A candidate for Congress has been jailed in Georgia while he awaits sentencing for a drunken-driving conviction.
Steven Lamar Foster, 61, of Dalton is a former physician running as a Democrat for northwest Georgia's 14th District. He's challenging Republican U.S. Rep. Tom Graves in the November election.
Foster got sidelined from campaigning Monday when a jury convicted him of driving under the influence, according to Whitfield County Superior Court records. The judge ordered Foster jailed without bond until his sentencing hearing next week.
Even without a criminal conviction, Foster would be considered a longshot for the congressional seat Graves has held since 2010. President Donald Trump easily carried the 14th District in 2016. Graves ran unopposed in the last two elections. When he last defended his seat against a Democratic challenger in 2012, Graves won with 73 percent of the vote.
Foster signed up to challenge Graves in March, nearly six months after his DUI arrest. Foster's campaign website bemoans voters' distrust of government — "and they especially don't trust our congressmen."
Foster was arrested Sept. 23 after police pulled over his silver Mercedes in Dalton, near the Georgia-Tennessee state line. A Dalton police report says Foster was stopped because he was driving with his headlights off after dark.
"Steven made the statement that he had not been drunk since 1981 and I could give him a breath test if I wanted to," the police report said. "I asked Steven why I would need to give him a breath test."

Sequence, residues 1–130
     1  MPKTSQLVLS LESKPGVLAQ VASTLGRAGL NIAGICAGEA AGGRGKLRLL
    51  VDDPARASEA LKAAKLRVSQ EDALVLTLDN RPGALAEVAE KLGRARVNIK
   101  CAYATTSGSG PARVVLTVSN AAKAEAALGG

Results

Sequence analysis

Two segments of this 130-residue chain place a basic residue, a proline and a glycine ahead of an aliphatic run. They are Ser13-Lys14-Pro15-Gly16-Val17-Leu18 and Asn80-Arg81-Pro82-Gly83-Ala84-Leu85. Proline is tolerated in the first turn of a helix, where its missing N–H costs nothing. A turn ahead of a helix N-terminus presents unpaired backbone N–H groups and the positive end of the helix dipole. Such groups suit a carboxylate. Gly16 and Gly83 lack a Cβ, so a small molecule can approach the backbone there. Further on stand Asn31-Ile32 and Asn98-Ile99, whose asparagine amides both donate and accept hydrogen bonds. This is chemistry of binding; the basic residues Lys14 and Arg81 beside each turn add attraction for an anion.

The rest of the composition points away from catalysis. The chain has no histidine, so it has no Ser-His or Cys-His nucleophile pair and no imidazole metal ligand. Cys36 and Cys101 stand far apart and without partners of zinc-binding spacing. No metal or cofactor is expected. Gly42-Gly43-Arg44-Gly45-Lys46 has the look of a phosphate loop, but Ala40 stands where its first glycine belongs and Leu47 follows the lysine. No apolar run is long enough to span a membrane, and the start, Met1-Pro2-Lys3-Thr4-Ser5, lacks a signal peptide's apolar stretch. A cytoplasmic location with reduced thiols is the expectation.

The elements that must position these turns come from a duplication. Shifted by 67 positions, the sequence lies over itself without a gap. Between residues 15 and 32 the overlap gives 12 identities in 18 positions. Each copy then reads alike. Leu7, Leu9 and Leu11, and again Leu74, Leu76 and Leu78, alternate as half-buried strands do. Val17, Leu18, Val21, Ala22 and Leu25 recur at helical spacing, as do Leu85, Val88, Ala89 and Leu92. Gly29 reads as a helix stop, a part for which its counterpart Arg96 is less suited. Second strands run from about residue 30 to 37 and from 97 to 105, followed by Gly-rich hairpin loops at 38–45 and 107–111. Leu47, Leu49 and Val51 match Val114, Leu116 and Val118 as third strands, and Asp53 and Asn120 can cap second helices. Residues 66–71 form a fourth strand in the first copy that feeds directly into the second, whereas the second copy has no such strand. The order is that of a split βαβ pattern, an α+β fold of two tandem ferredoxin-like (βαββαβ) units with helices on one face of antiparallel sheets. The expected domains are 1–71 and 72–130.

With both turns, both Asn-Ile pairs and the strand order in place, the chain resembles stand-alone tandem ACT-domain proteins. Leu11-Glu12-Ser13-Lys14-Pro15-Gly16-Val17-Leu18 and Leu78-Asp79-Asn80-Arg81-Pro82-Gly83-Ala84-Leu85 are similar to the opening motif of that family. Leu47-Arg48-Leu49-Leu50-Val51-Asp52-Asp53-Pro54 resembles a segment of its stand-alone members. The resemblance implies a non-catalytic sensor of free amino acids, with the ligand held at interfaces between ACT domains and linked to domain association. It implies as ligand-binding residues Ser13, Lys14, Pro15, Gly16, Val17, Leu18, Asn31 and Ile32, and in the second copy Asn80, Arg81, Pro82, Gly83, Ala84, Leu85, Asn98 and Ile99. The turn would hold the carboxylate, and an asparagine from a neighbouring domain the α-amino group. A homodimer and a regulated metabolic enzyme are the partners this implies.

Foster told the officer he drank two or three beers about three hours earlier. The report said he swayed and stumbled during a field sobriety test. He then agreed to a breath test, which showed his blood alcohol content was .103. That's above the legal limit of .08.
Foster's attorney, Richard Murray, did not immediately return a phone message Thursday. The two-page accusation and verdict document from the court does not indicate any prior DUI offenses for Foster. In Georgia, DUI is a misdemeanor until the fourth offense. First-time offenders face possible prison sentences of 10 days to a year.
Foster described himself as a "physician entrepreneur" on his qualifying paperwork for the congressional race. State records show Foster's medical license expired at the end of 2003.
The Composite State Board of Medical Examiners suspended Foster's medical license indefinitely in October 2002, citing concerns that he was "unable to practice medicine with reasonable skill and safety to patients due to a psychiatric disorder."